The Bull Snake is also known as the gopher snake and the pine snake. It is native to the central United States and is a great snake to own. They are non-venomous and as adults, they are friendly and tame.
In the wild, bull snakes are commonly misidentified as rattle snakes because of their dusty, brown, black and tan colors. They are not poisonous and adults can reach a length of 8 feet long. If cared for properly a bull snake will live from 15-25 years of age so be ready for a long term commitment.
When startled in the wild, a bull snake will lift itself up and shake the tip of its tail on the ground to act like a rattlesnake. Although they have no venom, they have a powerful bite and should be treated with respect. Hatchlings are difficult to tame, but as they get older, they mellow out and can become very friendly to you. Many snakes only are aggressive when they are startled or threatened.
Like many snakes of North America, the bull snake consumes small rodents like mice and rats. In captivity frozen then thawed mice and rats are healthier because they cannot fight back or spread disease. Adult snakes need to eat only once every 7-10 days.
The size of rodent you should feed varies depending on the size of your snake. A rule of thumb is to provide a mouse or rat that will make a noticeable lump at the snake’s thickest point, but not awkwardly protruding. A 6’ bull snake can eat full sized rats, but hatchlings should be eating pinkie mice. Do not handle your snake within 48 hours of its last meal to avoid regurgitation of undigested food.
At a minimum, a 6 foot long bull snake needs to be kept in a 55 gallon enclosure with a screen lid. Snakes are solitary animals and do best on their own, but if you plan to breed two snakes, a 70 gallon enclosure will be enough room. When it comes to cage size, the more room the better. Hatchlings on need a 10 gallon aquarium, but increase the size as they grow so they do not become cramped and stressed.
If you are looking for a simple, inexpensive and clean substrate use butcher paper, paper towels or newspaper for your bull snake. If you want a more natural look, options like aspen bedding or cypress mulch. When given the opportunity, bull snakes will burro a couple of inches into loose substrates. Do not ever use cedar or pine chips of any kind because they are toxic to all reptiles.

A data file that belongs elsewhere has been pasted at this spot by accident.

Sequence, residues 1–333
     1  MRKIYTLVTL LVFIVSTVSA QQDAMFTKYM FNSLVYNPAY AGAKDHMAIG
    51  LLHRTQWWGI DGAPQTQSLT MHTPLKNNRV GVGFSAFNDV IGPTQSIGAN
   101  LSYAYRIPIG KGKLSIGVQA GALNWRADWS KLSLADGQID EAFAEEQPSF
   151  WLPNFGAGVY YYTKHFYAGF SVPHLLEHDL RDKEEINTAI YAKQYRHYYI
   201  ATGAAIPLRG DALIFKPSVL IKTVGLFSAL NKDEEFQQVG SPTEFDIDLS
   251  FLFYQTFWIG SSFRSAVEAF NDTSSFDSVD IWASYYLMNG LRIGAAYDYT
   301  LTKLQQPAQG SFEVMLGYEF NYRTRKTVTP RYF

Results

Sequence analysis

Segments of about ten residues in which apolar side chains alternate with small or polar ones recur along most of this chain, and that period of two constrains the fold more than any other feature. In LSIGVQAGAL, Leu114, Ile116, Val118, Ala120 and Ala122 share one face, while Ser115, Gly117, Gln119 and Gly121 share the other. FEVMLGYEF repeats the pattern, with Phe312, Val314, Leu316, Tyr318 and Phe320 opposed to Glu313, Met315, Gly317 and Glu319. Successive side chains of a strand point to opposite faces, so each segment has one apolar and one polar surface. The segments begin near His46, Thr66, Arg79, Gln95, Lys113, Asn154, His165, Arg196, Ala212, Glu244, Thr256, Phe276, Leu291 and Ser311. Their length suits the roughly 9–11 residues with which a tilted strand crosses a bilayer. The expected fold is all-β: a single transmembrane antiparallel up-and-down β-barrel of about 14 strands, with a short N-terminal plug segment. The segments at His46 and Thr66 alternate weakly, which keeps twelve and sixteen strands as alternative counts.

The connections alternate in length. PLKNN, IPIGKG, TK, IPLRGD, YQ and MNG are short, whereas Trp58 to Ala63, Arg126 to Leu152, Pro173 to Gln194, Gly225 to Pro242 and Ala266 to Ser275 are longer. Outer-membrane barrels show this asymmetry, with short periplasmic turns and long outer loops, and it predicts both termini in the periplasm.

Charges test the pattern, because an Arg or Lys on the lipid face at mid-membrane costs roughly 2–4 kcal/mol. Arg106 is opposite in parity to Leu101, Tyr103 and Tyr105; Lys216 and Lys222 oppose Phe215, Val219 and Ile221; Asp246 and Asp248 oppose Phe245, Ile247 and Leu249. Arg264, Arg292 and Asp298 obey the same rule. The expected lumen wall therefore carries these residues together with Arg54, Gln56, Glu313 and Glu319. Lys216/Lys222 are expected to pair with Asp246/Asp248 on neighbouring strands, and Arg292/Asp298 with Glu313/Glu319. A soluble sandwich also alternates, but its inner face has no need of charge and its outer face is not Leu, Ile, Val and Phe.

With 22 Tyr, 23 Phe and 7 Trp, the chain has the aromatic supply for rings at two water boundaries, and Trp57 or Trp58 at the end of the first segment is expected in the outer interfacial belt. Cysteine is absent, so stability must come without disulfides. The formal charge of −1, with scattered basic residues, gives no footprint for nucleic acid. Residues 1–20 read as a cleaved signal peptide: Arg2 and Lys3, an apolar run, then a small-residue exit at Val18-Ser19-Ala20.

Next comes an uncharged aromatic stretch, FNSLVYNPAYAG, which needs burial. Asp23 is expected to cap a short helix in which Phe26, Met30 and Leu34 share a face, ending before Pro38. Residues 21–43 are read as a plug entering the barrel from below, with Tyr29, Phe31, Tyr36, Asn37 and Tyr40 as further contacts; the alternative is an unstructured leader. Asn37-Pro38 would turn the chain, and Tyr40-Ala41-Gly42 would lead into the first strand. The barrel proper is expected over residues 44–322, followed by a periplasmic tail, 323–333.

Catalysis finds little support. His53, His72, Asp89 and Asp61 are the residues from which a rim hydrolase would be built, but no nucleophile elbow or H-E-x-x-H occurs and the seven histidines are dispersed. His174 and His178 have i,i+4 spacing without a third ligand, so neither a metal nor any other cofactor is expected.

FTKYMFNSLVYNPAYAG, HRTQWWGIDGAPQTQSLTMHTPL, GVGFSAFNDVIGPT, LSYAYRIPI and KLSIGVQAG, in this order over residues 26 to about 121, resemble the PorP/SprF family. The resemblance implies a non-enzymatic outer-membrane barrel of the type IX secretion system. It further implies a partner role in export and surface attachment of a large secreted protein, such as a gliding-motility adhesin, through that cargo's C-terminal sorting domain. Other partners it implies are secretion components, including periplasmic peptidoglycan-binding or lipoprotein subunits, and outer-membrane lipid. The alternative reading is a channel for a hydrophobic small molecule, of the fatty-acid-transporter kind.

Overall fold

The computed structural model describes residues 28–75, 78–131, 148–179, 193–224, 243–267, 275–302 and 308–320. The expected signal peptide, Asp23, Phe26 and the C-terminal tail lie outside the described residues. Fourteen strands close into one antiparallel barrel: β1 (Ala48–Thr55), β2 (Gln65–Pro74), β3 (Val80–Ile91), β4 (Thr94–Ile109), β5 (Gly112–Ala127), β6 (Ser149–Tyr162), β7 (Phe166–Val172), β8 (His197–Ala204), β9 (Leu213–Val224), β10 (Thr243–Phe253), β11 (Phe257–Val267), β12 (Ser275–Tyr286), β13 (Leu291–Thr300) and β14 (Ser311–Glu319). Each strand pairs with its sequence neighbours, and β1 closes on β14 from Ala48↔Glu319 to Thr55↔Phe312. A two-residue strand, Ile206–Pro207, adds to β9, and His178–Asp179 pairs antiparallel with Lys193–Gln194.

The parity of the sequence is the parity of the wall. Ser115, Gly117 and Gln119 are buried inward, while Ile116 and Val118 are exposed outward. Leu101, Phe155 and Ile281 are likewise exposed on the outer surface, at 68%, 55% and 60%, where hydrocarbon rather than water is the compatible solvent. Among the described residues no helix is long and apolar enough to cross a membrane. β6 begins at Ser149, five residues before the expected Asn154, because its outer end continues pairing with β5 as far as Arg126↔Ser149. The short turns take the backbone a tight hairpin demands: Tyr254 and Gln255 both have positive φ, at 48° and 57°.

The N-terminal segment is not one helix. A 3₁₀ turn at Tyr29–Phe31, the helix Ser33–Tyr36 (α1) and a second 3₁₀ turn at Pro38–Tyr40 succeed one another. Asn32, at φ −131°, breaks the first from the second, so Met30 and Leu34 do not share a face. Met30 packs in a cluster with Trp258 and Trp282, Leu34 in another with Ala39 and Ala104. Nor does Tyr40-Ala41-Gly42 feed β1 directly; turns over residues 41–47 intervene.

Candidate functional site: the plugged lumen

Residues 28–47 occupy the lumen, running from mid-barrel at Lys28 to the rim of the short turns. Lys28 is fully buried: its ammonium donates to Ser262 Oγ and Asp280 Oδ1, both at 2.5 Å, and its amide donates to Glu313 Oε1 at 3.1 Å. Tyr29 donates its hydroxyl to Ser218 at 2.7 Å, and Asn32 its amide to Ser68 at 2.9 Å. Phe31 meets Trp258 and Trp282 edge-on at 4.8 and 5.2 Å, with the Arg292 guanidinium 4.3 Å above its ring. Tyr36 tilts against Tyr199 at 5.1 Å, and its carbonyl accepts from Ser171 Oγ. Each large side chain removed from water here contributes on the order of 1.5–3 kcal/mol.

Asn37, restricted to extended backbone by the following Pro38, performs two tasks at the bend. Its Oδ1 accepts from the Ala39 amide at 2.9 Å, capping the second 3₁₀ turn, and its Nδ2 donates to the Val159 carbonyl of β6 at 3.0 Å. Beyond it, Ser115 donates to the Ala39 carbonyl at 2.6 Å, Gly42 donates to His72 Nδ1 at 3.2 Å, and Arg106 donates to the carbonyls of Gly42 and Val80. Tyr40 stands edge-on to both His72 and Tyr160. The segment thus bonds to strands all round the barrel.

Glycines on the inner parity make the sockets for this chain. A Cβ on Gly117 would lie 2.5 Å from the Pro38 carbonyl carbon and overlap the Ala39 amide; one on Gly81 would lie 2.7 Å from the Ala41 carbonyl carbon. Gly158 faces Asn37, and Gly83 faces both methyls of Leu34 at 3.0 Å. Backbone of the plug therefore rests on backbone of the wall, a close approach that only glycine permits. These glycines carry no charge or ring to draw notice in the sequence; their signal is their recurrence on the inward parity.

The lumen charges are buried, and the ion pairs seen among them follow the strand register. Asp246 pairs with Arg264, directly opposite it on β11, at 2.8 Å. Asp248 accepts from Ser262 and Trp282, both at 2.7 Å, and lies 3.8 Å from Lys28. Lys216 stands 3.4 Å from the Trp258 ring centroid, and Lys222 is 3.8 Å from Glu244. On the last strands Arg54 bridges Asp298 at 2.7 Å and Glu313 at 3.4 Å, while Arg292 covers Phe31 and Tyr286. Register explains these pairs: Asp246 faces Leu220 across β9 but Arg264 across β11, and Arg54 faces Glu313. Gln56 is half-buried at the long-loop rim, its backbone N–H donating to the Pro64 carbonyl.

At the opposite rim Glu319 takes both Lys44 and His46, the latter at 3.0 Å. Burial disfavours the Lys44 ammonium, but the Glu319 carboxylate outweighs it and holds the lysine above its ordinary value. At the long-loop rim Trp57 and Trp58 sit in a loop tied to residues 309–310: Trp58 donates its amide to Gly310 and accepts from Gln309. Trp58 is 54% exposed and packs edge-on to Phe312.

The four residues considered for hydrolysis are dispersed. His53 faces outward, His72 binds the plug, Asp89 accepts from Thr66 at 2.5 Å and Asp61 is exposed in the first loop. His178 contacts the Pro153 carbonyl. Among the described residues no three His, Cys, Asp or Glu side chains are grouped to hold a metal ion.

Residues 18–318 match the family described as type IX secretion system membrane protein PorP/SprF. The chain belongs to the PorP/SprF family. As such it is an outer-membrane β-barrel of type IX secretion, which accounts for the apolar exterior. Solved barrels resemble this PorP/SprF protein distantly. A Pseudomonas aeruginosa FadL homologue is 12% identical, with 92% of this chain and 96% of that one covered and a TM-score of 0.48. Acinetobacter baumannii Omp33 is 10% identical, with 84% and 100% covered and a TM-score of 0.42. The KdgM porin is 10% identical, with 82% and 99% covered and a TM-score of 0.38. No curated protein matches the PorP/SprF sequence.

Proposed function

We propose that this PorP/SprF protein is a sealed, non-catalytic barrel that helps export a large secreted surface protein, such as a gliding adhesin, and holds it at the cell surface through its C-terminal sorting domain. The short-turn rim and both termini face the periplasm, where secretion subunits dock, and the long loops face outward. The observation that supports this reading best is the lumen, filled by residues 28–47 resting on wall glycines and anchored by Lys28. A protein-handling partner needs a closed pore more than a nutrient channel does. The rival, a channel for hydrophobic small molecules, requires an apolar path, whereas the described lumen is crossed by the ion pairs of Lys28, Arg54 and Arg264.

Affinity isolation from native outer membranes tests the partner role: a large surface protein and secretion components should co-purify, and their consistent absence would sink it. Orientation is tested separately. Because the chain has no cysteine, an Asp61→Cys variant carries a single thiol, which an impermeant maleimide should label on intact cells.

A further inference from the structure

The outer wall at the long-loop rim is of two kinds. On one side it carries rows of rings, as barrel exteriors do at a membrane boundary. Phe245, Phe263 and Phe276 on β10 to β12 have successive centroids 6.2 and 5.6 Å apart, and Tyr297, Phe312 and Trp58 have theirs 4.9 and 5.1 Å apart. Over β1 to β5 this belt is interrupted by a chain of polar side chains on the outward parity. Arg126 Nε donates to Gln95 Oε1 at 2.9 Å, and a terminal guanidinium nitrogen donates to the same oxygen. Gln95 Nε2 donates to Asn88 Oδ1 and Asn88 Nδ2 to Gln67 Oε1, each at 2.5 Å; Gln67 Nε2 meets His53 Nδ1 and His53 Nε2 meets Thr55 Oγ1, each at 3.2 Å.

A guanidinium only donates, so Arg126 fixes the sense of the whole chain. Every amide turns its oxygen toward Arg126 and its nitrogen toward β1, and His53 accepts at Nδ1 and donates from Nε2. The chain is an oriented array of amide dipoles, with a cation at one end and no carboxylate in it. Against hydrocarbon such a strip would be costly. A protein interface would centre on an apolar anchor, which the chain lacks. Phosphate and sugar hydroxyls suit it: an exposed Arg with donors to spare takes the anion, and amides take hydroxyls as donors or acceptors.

A minimum of two hide boxes should be used in the enclosure. These hide boxes should be dark and snug so the snake has a place to feel safe and secure. Provide large, sturdy branches for the bull snake to climb on and explore.
A basking spot of 85F should be located on one end of the enclosure. If you need to provide heat to reach 85F, a heat bulb or a heat pad will work. If you are using a heat pad make sure that it is made for reptiles and you have a thermometer in the cage at all times. The other end on the cage can be kept at room temperature. Snakes are exothermic so if there is not enough heat, their bodies will literally stop. No additional UVA or UVB rays are required for this species of snake.
No extra humidity is required for bull snakes, but a large water bowl needs to be in the cage. Clean and refill the water daily because they are known to defecate and swim in their water bowl.
Paper substrates need to be replaced when soiled and loose substrates need to be replaced every three months. Spot clean the enclosure and clean the water bowl daily.
In captivity a male and a female can be introduced at any time during the year. Make sure that they are both at least 2 years old and are fully matures so neither one is harmed. Most snakes will mate right away or within the week. Once they have mated, separate the male and the female so the male does not try to mate again because this will cause problems for the female.
Females should be fed medium portions every 5 days until the bulge of the eggs is very noticeable. Right before she is ready to lay her eggs, the female will stop eating. Once the eggs are laid, they should be moved as soon as possible into an incubator and keep them at 85F until they hatch.
A hatchling bull snake only needs a 10 gallon enclosure for the first couple months of its life. It will eat frozen thawed pinkie mice every 5 days and should be kept on a newspaper substrate. Young bull snakes can be jumpy and nippy, so watch out for your fingers. A hot spot of 85F needs to be maintained and give them enough water to soak in.
Bull snakes are also commonly known as gopher snakes and pine snakes. They are from the central United States and grow into very lovable pets. Remember, do your research before buying any pet so that it can live happily and healthily.
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